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News from the Sifting Site

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20160703_110459What a beautiful summer!

We have been having a great summer at our sifting site in Emek Tzurim. We have been updating the sifting facility, and every day it seems like we are making the site more fun and beautiful.

This week we got a new curtain for our lecture area. It describes the 6 categories of finds that we collect on site: Glass, Mosaics, Pottery, Bones, Special Stones, and Metal. Fun and useful, this is a great addition to our site.

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20160628_091512We have also been updating our supplies. We have new wheelbarrows (such a fun color!) and we have new sifters on their way.

Right now, we are conducting a special summer campaign on site. We have special hours that people can come without an appointment and help us sift. Come at 10am, 1pm, or 4pm for an awesome sifting experience (Hebrew lecture only). Families are encourages to bring their children and we have been having a great time meeting all of the locals and Israelis that have been coming as a part of this campaign.

As a part of the campaign (and we hope we get to keep it) we also have a fantastic coin minter. For 5 shekel, you can take home a Sifting Project coin with the seal of the City of David on one side and a replica of the half-shekel found on our site on the reverse (see below). The pomegranates with the words “Jerusalem the Holy” is my favorite side of the coin, so I am glad that they chose to duplicate that side.

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Found at the Sifting Project: a silver half-shekel coin. Obverse: A chalice from the Temple topped by the letter aleph, which means “First year.” Around it is inscribed “Half a Shekel.” Reverse: A stem with three pomegranates surrounded by the words “Jerusalem the Holy.”

Watch Hillel make these Sifting Project coins here. You can subscribe to our youtube channel and get notified when we start uploading our new video-blog series on Temple Mount history and finds.

Really, I think we have too much fun at the sifting project. Should someone really enjoy their job this much?

For more information about how to participate, click here!

Find of the Month!

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View of Emek Tzurim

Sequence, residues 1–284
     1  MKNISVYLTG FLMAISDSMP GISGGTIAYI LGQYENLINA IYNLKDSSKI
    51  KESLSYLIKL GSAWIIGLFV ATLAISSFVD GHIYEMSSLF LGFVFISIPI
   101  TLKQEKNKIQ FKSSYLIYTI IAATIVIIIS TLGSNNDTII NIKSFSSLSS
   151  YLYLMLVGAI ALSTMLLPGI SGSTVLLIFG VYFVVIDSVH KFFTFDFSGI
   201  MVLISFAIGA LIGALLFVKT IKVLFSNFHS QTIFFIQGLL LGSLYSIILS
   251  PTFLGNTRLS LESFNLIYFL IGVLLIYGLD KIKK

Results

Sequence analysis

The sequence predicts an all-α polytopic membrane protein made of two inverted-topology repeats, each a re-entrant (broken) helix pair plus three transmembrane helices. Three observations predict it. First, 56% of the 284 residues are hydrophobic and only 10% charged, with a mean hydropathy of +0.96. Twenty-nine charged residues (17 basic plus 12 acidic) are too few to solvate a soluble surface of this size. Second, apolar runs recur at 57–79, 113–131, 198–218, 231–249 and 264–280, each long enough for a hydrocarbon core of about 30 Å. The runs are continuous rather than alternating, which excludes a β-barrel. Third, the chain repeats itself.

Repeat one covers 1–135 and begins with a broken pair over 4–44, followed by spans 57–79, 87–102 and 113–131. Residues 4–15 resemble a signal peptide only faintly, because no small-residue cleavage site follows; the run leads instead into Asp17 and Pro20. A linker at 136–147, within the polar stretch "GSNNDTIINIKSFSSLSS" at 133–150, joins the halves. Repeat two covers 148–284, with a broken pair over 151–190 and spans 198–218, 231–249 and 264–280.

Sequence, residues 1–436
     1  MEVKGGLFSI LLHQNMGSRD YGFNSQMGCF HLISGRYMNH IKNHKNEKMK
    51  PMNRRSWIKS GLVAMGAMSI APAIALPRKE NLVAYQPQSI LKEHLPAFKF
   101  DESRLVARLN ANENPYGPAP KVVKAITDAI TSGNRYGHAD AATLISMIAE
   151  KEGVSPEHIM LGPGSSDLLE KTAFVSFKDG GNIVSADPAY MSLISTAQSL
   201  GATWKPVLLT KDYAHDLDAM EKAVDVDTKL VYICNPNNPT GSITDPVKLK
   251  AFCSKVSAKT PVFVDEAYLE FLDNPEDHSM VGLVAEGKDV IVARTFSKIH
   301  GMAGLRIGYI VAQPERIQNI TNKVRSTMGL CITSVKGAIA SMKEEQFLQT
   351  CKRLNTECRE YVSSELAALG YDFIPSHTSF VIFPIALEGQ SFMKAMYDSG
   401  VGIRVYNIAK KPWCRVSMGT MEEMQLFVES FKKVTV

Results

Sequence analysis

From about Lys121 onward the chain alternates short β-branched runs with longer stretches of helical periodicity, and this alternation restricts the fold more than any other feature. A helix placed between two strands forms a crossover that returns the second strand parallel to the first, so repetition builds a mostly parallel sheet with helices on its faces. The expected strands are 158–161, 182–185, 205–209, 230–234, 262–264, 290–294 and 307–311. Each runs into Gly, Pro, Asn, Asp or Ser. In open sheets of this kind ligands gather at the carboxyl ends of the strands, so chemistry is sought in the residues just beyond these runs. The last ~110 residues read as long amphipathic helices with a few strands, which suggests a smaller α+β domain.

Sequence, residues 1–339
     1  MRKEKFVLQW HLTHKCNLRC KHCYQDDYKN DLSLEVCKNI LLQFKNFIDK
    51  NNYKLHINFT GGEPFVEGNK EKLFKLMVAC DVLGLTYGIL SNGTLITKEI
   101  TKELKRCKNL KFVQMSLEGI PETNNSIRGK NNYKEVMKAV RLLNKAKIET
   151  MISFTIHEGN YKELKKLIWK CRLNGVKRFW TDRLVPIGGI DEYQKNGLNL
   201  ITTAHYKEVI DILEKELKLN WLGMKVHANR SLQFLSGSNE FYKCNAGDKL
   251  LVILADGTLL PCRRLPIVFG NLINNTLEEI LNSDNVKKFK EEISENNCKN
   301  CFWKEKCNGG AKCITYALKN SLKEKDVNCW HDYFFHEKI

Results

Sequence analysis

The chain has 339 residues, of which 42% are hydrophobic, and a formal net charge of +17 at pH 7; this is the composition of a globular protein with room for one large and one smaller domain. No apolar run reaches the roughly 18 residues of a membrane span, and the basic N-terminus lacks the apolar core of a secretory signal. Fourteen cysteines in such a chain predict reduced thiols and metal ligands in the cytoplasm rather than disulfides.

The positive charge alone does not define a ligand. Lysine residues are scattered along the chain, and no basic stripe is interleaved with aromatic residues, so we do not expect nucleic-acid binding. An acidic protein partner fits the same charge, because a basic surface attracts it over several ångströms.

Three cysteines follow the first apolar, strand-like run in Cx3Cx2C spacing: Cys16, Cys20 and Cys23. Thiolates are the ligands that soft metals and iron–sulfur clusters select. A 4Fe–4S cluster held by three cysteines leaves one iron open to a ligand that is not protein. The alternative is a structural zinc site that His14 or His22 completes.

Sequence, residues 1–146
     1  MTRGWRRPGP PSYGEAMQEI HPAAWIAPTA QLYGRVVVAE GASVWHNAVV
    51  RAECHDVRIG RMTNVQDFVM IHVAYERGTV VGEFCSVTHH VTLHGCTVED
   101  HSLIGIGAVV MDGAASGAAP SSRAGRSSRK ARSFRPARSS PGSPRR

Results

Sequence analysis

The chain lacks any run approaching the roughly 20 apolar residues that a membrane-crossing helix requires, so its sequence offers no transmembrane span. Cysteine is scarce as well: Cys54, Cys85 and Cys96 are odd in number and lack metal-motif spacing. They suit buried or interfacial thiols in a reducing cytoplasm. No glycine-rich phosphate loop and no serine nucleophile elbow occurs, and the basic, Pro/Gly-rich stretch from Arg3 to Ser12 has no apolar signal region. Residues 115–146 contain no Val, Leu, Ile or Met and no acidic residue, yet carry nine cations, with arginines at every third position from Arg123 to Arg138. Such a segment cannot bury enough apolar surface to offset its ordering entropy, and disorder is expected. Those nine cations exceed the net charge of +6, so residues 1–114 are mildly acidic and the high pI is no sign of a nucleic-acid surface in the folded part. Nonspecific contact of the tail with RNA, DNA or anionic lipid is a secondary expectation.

Life must go on, and what better way to move forward than to focus on the positive things that have been happening at the Sifting Project? We are continuing to do research in our lab, and the summer holidays have brought us a ton of volunteers from all over the world to help us sift.

As you all love to see what we’ve been finding, we have decided to show you a special “Find of the Month.” Some of our more special items we cannot publish because we don’t enough about them in such a short amount of time, but we find many things that are absolutely amazing that we can describe and show you right away.

This month, the special find we want to share with you is a bone spindle whorl.

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Bone Byzantine Spindle Whorl

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Liliana Grobman with the spindle whorl she found.

9 year-old Liliana Grobman from São Paulo, Brazil loves coming to sift at the Temple Mount Sifting Project. This time, while on vacation with her family, she found this fantastically well preserved bone spindle whorl dating to the Byzantine period. That’s about 1500 years old!

Spindle whorls are used in the process of spinning thread. They can be made of a variety of materials including metal, glass, wood, bone, or even antler. They are generally round or disc-shaped (like this one) and they are fitted onto the spindle of a spinning wheel to increase and maintain the speed of the spin.

 

Stay tuned for next month’s “Find of the Month!”

Violence on the Temple Mount

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Hello everyone.

This is going to be a very disturbing post about an incident that happened two days ago. A group of our researchers was attacked while on an archaeological learning tour of the Temple Mount.

We had doubts if we should publish these kind of things, which do not deal directly with our research and the goals of our project, but since it is already widely circulated in the media, and the details are not clear or accurate, we decided to post the facts about what exactly happened and that we are all safe and sound.